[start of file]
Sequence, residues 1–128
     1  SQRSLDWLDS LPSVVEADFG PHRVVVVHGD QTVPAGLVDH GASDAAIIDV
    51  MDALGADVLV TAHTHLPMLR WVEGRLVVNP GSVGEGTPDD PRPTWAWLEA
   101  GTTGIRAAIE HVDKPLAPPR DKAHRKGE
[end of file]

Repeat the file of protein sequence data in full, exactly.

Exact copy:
Sequence, residues 1–128
     1  SQRSLDWLDS LPSVVEADFG PHRVVVVHGD QTVPAGLVDH GASDAAIIDV
    51  MDALGADVLV TAHTHLPMLR WVEGRLVVNP GSVGEGTPDD PRPTWAWLEA
   101  GTTGIRAAIE HVDKPLAPPR DKAHRKGE